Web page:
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Paying Off the Mortgage Early

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By Ann Coleman (TMF AnnC)
March 7, 2001

Q. Does paying off my mortgage early make sense? I've heard it isn't a good idea, but I've also heard you can save a fortune in interest. --R.M., via email

A. You can save a fortune in interest. The question is, what does that cost you?

You've probably heard all the arguments about the value of the mortgage interest deduction and how mortgage interest rates are lower than probable investing returns, yada, yada, yada. Obviously that hasn't convinced you. It hasn't convinced a lot of folks. So let's run a real-world scenario that doesn't even consider the mortgage interest deduction, assumes a moderately high interest rate (which would motivate one to pay the mortgage off faster), and assumes a mediocre return on invested dollars. In other words, we're stacking the deck in favor of paying the mortgage off early. Let's see what happens.

We'll compare two neighbors with identical mortgages of $100,000 at 8% for 30 years. The scheduled payments are $733 per month. Fred, at 601 Motley Drive, runs some numbers and finds that by paying an additional $300 a month on his mortgage he can save over $103,000 in interest and pay the house off in 13 years. That sounds almost too good to be true. He jumps all over that plan.

Philip, at 603 Motley Drive, never ran the numbers, he just made his mortgage payments as scheduled. He also put $300 per month into a tax-efficient S&P 500 index fund that he read about on some website. He earns an average return on his index investment of 12.0% per year. (That's a smidge below the S&P 500's average return over the last 50 years and well below its average return over the last two decades.) At the end of 13 years, when Fred holds his mortgage-burning party, Phil's index fund account is worth $111,000 -- several thousand more than what Fred saved in interest.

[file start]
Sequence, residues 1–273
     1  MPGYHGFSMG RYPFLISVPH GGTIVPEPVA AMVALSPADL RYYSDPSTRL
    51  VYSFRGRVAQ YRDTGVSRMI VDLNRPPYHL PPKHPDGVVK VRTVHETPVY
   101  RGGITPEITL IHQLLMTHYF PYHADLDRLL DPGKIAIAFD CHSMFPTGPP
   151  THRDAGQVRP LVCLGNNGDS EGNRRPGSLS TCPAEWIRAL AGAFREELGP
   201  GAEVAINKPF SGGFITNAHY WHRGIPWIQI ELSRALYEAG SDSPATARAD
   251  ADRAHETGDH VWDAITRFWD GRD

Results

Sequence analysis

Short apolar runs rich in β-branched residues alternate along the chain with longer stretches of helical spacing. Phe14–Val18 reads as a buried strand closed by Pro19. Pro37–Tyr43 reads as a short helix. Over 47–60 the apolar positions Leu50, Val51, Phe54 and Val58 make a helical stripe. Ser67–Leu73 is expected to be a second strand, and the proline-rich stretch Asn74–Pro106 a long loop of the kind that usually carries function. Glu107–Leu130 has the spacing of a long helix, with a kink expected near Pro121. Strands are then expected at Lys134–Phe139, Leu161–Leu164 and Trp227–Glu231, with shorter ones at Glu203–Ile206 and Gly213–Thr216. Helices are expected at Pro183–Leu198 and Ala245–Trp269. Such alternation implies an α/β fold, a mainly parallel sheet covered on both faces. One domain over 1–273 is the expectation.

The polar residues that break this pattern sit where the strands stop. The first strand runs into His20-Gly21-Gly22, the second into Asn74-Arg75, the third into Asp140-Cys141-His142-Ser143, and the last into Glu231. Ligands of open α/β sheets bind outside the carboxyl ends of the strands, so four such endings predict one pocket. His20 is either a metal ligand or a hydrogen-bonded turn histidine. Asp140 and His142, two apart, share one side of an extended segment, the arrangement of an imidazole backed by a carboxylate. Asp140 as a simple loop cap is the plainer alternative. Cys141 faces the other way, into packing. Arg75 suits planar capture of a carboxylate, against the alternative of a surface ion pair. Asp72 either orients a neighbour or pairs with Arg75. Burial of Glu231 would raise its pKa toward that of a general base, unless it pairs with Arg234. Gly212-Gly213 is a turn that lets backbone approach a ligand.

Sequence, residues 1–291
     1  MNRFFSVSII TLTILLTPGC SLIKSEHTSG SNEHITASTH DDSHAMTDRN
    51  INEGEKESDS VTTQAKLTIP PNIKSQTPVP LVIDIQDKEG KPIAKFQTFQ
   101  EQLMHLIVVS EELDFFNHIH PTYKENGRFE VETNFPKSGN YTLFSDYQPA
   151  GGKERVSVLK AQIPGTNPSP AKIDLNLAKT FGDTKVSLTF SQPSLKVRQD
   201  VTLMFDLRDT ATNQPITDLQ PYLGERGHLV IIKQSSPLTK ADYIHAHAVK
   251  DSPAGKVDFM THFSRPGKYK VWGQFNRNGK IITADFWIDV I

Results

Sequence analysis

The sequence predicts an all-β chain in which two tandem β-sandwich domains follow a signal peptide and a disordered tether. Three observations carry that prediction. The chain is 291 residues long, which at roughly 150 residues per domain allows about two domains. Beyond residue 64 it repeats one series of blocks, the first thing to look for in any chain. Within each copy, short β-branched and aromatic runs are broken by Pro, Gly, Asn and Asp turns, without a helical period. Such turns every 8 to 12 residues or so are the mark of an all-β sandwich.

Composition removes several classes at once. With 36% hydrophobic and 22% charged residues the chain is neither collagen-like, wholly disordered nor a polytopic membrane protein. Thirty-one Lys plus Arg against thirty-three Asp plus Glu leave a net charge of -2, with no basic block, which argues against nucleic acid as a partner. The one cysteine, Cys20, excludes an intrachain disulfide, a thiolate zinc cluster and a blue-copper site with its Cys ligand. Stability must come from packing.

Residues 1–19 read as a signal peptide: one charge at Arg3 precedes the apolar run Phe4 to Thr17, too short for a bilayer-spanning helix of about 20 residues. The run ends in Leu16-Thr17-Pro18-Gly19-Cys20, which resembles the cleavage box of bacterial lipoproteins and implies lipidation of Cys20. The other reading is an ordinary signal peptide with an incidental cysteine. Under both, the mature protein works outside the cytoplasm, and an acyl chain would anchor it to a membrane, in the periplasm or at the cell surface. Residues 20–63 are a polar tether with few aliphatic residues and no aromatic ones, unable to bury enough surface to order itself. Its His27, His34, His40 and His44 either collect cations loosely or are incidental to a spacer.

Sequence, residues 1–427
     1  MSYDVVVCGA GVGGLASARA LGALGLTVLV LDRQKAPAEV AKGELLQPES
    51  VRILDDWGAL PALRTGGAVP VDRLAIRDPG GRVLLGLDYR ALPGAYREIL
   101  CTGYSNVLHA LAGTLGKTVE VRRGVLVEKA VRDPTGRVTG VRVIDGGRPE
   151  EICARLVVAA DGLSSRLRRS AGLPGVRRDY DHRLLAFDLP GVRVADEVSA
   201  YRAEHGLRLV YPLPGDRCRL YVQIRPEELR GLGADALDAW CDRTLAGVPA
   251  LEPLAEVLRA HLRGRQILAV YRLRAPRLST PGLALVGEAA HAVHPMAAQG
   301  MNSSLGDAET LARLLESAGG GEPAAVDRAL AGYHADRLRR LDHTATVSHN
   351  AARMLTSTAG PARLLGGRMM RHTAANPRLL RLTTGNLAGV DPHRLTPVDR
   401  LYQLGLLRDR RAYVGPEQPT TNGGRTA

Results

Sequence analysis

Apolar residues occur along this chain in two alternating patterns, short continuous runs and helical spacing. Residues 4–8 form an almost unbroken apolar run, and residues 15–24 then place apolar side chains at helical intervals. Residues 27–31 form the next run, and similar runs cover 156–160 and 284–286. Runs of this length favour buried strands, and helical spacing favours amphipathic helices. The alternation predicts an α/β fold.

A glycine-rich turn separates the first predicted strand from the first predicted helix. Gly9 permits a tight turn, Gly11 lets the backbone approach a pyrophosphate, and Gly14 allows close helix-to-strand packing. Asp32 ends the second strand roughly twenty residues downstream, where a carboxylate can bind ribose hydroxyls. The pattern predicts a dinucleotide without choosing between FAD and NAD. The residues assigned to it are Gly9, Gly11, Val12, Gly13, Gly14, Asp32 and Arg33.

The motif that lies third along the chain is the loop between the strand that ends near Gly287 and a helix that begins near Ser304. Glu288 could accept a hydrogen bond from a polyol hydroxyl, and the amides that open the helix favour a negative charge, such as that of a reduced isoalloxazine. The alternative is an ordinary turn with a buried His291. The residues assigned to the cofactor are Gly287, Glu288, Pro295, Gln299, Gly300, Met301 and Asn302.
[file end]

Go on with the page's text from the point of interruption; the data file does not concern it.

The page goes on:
But now Fred can start putting $1033 a month into savings, right? Putting $1033 a month into an index fund for the next 17 years, and earning an average of 12.0% per year, gives Fred an account worth $683,000 by the time Phil makes his last mortgage payment. Nice.

But... wait a minute. Phil kept socking away his paltry $300 a month. By the time his house is paid off, his investment account has grown to over $1,048,000. Both guys own their houses free and clear, both have paid out exactly the same amount every month for 30 years, but Phil comes out way ahead.

Now what? Phil's million-dollar investment account could pay for one heck of a mortgage-burning party. Wanna throw your own big bash? Do the math on your mortgage by using the online calculators in our Home Center.

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